I'm now moving into a subchapter called The Adversary
Q. Who is the adversary?
A. This is a role automatically adopted by the
predatory female whenever she is with a man.
She loves to constantly prod him and fence
with him. If he fails to respond acceptably,
she deems him unromantic and dull. His services
will soon be terminated. The adversary
phenomenon is closely related to the "defense
of the nest" discussed later.
This subchapter is called Will The Real Predatory Female
Please Stand Up?
Q. How else might one recognize a predatory
A. The predatory nature resides in almost
every woman, but is not always visible. It isn't
constantly at the surface of their personalities,
producing elongated eye teeth. You may deal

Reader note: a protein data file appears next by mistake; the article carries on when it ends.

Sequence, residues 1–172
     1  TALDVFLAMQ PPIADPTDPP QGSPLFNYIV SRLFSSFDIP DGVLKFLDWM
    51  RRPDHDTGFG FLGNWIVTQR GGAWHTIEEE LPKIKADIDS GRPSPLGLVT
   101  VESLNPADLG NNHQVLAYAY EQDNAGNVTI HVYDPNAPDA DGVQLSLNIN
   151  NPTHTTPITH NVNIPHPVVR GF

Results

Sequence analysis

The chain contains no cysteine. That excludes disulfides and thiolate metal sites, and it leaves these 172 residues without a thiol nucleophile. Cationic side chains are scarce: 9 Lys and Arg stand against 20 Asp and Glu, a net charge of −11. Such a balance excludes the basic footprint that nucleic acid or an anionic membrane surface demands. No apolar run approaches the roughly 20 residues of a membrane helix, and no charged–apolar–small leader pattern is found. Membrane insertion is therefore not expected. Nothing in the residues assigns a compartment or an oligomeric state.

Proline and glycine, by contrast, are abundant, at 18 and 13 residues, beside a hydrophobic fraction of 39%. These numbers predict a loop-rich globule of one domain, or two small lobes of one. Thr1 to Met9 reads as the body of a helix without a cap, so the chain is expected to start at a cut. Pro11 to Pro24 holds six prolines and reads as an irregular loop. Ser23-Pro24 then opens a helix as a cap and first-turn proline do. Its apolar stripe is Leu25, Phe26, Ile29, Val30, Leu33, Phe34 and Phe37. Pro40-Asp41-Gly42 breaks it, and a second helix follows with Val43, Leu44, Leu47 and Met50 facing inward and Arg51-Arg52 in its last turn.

with a woman for some time without seeing
any predatory signs. But if you're patient, and
take time to study the female in question,
you'll eventually see the predatory nature
emerge. At times, even for the seasoned
observer, this can be an unnerving experience.
Q. Reverend Shannon, do you use the
words "female," "predatory female," and
A. In this book, yes.
A. Because it most closely approximates the
I'm now moving in to a sub chapter called The Acquisitive Mode
Q. What is the acquisitive mode?
A. It is the yawn of the predatory nature, a
primal stirring. It may rise slowly to the
surface—a monster from the lagoon, or it
might blind side you like a bear charging out
of the broom closet. The mode can be triggered
by many things. She suddenly wants to
get married. She is bored. Her best friend got
married, she doesn't like her job, she wants to
move into better housing, she just turned
thirty, her sister got engaged, or a host of
other reasons. Her invisible electronic gun
sight begins sweeping the range, scanning to
acquire a target.
Q. How can you be sure a woman is in the
A. She shows interest in men. This is a positive